Acid Lipase Disease

About acid lipase disease

When the enzyme that’s needed to break down certain fats that are usually digested by the body is missing or lacking, acid lipase disease occurs. The result is a toxic build-up of these fats in the body’s tissues and cells. These fatty substances are known as lipids and include cholesterol, waxes and oils. There are two rare lipid storage diseases that can occur in childhood and are caused as a result of a deficient enzyme lysosomal acid lipase. These are:

  • Cholesterol Ester Storage Disease
  • Wolman’s Disease

What is the prognosis?

Cholesterol Ester Storage Disease: the onset varies, and sufferers of the disease may live into adulthood.

Wolman’s disease: Infants suffering from Wolman’s Disease usually die by the age of one due to malnutrition.

Cholesterol Ester Storage Disease (CESD)

CESD is exceptionally rare, and occurs as a result of the body’s blood cells and lymphoid tissue storing cholesterol esters (usually a transport form of cholesterol that carries out waste and brings nutrients into the cells) and triglycerides (a chemical form that houses fats in the body). When the disease occurs in children, an enlarged liver is developed, and this can lead to chronic liver failure and cirrhosis before the child reaches adulthood. Other symptoms that can develop in children include:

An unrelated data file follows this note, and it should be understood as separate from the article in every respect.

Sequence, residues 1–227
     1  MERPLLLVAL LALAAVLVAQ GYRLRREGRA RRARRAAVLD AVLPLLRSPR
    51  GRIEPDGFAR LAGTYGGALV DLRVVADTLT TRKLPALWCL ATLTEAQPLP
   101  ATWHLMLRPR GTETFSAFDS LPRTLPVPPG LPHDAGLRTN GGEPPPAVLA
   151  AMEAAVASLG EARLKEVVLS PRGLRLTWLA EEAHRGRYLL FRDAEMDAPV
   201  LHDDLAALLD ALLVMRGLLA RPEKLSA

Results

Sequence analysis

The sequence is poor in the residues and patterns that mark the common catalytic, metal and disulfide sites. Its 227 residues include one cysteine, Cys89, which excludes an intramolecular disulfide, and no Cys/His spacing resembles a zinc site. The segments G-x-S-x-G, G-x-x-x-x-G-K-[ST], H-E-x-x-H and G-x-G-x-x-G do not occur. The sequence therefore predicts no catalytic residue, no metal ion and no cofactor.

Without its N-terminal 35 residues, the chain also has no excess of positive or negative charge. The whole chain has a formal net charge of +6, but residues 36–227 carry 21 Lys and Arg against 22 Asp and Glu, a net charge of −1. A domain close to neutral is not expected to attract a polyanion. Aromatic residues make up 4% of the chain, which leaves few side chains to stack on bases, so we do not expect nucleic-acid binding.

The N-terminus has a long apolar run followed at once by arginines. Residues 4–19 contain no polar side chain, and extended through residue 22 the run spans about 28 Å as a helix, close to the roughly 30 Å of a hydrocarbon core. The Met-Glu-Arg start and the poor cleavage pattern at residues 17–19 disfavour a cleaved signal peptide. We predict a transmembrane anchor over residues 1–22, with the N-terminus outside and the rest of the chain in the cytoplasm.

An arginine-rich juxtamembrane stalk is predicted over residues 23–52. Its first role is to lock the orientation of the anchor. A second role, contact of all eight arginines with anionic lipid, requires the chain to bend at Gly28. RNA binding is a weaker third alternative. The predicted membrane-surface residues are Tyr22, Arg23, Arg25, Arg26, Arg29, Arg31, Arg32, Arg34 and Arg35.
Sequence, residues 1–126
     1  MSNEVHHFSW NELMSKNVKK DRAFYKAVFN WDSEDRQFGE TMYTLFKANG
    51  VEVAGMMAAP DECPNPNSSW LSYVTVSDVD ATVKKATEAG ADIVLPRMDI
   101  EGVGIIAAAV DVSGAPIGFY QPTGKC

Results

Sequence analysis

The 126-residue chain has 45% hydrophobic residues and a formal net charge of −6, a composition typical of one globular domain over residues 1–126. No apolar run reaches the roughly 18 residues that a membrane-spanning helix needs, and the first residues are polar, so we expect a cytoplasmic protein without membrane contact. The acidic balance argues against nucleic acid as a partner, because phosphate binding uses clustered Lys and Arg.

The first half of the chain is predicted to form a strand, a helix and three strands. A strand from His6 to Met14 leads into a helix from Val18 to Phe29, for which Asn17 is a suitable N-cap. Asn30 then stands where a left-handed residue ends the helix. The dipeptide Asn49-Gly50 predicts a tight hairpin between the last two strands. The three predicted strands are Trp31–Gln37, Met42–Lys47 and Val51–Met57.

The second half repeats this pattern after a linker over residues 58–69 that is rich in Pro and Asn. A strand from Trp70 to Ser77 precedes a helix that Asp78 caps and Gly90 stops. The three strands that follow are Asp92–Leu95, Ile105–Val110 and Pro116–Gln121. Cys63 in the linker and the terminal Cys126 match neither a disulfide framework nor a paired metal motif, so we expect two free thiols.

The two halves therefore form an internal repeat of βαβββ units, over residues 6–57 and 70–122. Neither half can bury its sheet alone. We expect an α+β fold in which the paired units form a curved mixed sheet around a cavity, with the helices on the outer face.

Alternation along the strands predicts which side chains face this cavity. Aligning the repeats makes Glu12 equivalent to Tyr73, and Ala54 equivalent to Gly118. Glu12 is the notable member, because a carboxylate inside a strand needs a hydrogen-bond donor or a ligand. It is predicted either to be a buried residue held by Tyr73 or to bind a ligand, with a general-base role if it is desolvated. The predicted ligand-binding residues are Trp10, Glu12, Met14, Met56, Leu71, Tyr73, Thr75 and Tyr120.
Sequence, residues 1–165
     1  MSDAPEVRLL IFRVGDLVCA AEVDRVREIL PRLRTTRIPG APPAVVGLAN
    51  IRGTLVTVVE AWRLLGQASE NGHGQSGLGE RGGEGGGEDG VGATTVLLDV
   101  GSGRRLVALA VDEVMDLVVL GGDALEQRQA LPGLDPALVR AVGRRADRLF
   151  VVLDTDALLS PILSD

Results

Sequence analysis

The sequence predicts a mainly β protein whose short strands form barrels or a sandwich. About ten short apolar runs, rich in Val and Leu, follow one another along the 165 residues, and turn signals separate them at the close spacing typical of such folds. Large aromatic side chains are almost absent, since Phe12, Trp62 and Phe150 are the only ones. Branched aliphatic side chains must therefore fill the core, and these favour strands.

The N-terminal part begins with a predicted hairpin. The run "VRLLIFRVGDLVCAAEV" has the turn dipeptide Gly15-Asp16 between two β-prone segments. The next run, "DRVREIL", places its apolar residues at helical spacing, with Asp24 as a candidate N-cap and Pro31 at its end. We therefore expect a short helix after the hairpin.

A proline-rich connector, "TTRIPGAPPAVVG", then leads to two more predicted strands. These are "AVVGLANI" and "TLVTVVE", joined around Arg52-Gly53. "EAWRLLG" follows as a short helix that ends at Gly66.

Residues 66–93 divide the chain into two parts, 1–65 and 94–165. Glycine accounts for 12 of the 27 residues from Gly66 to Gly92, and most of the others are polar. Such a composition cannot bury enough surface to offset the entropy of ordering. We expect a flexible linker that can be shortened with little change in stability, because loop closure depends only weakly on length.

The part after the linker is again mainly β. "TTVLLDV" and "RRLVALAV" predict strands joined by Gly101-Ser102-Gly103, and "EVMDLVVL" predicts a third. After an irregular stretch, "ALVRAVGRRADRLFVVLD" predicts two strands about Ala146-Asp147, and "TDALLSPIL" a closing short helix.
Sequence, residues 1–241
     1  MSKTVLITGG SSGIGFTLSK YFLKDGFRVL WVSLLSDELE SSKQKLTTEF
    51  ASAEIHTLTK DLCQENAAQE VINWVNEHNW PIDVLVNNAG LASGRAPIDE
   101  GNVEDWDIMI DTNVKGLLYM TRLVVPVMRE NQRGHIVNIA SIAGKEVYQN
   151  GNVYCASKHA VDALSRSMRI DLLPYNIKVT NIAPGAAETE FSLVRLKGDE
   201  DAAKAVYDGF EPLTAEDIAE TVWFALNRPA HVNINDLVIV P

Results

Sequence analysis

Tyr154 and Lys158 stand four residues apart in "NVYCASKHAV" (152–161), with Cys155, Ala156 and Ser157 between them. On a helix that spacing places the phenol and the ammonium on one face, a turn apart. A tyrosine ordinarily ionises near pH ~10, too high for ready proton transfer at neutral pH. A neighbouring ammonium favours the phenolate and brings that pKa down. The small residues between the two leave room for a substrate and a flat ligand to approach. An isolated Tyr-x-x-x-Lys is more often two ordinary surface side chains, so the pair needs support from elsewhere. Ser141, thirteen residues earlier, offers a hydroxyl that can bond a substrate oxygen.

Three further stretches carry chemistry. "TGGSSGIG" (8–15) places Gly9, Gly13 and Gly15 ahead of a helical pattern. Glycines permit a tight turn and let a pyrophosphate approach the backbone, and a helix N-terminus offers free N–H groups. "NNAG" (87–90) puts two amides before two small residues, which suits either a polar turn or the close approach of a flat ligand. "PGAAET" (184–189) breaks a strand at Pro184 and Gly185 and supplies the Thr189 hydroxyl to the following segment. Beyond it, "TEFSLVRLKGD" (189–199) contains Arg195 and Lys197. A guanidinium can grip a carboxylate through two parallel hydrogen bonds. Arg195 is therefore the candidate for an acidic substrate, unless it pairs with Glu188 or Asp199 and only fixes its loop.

• Jaundice
  • Calcium deposits in the adrenal glands, which causes them to harden

The onset of CESD varies, and in some cases the disorder may not be diagnosed until the child reaches adulthood.

Wolman’s disease

Wolman’s disease is an autosomal recessive disorder, and is characterised by the build-up of triglycerides and cholesterol esters. Infants with Wolman’s disease have no symptoms when they are born, but quickly develop the following symptoms:

  • Progressive mental deterioration
  • Jaundice
  • Low muscle tone
  • Malnourishment
  • Anaemia
  • Vomiting
  • Gastrointestinal problems
  • Calcium deposits in the adrenal glands
  • Enlarged liver
  • Grossly enlarged spleen
  • Distended abdomen

This disorder can affect both male and female infants.

CESD is a less severe form of Wolman’s disease, and usually has a later onset.

How are CESD and Wolman’s disease treated?

There is no one specific treatment for CESD or Wolman’s disease. However, there are certain drugs that can be given to aid adrenal gland production, and it is essential that children are fed intravenously. It is beneficial for people with CESD to eat a low cholesterol diet.

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